The Maroons of Jamaica preserved many aspects of the language and culture of the Akan and Ashanti peoples of the Gold Coast. They also retained many of the matrilineal and matrifocal aspects of these cultures. Kinship was passed down through the mother's side of the family. 27   Women had ritual roles of queen of a group of rebels, and also served as spiritual leaders. 28   Another important role that women played in Maroon communities was through their enormous contribution to agriculture. On this point historians do not disagree; women were responsible for producing nearly the entire agricultural output of the Maroon communities. One historian notes that without women's contributions in the area of agriculture, the Maroons would have been a much less powerful and pervasive force in Jamaica's history. In general, women would raise crops and men would hunt wild hog and raid plantations for supplies, food, and more people. 29   However, there are also legends of great warrior women who raided plantations and freed slaves, wielding huge knives with which to cut off the heads of the British. 30  

According to almost all historians, women were revered, respected, and honored in Maroons societies. One writer remarked that any abuse of maroon women was invariably met with the most serious consequences. 31   However, there is one account of Maroon life as observed by a white Jamaican planter which sharply contrasts all other portrayals, as it attempts to portray the Maroons as misogynistic and cruel. 32   Bryan Edwards, a colonial historian, claims that he visited a Maroon settlement and witnessed first hand the atrocities committed towards the women there. In 1796, he reported:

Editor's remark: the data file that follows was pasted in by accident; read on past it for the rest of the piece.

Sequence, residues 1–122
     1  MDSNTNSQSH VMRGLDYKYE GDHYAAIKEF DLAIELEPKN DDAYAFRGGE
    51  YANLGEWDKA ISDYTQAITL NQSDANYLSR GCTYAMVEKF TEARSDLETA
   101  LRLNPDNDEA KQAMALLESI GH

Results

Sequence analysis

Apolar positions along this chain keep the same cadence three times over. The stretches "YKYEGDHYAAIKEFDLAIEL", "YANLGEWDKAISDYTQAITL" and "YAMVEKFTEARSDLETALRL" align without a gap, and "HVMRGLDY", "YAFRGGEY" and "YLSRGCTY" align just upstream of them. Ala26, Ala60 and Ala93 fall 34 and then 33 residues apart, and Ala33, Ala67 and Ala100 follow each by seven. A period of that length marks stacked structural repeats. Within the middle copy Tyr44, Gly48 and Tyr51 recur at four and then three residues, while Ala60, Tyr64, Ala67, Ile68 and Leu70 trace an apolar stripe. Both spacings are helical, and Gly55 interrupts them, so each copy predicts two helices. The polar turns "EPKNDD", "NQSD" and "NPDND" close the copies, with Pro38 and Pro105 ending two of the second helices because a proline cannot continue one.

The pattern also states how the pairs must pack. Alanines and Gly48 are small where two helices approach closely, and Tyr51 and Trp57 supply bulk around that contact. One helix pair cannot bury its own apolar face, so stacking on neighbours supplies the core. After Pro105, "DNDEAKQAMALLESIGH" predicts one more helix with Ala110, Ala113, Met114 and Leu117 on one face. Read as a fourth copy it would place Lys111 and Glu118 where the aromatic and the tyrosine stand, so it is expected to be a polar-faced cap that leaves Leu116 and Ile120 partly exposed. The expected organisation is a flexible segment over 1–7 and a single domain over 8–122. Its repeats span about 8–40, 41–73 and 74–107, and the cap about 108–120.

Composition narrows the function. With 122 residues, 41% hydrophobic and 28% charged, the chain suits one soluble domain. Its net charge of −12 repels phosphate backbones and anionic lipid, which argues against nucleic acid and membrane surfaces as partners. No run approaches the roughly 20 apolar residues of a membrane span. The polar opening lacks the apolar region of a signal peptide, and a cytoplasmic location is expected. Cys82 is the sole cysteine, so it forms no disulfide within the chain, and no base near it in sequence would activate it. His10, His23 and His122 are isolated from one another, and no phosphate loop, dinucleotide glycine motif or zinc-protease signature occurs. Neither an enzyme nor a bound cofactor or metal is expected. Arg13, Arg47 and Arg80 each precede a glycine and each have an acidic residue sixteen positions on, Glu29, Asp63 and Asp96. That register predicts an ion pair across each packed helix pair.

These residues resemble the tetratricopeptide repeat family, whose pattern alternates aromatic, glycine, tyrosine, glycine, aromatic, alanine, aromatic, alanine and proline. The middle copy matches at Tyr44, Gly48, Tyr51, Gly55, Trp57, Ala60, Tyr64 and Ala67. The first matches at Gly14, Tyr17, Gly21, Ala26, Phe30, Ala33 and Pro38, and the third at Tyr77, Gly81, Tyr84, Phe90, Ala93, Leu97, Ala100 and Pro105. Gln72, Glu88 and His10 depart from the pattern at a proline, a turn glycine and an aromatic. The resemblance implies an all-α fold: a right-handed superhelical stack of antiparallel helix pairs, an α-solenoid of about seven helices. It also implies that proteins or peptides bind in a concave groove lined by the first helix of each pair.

The labours of the field, however, such as they were (as well as every other species of drudgery) were performed by the women... the Maroons, like all other savage nations, regarded their wives as so many beasts of burthen [sic]; and felt no more concern at the loss of one of them, than a white planter would have felt at the loss of a bullock. Polygamy too, with their other African customs, prevailed among the Maroons universally. Some of their principal men claimed from two to six wives, and the miseries of their situation left these poor creatures neither leisure nor inclination to quarrel with each other. This spirit of brutality, which the Maroons always displayed towards their wives, extended in some degree to their children. 33  
Another colonial historian, writing much later, in 1931, noted women's more powerful place, stating, Men and women alike are hard-working, though it may appear that the women work harder than the men. The women are rather independent and loathe to remain at home and depend entirely on the earnings of the man. 34  

Other scholars, notably Filomina Chioma Steady and Kenneth Bilby, document how the Jamaican Maroons have preserved the matrifocal aspects of their Akan traditions, and have focused on the valuation of women and their contribution to Maroon survival. 35   They argue that women formed the central core of Maroon society, emphasizing that,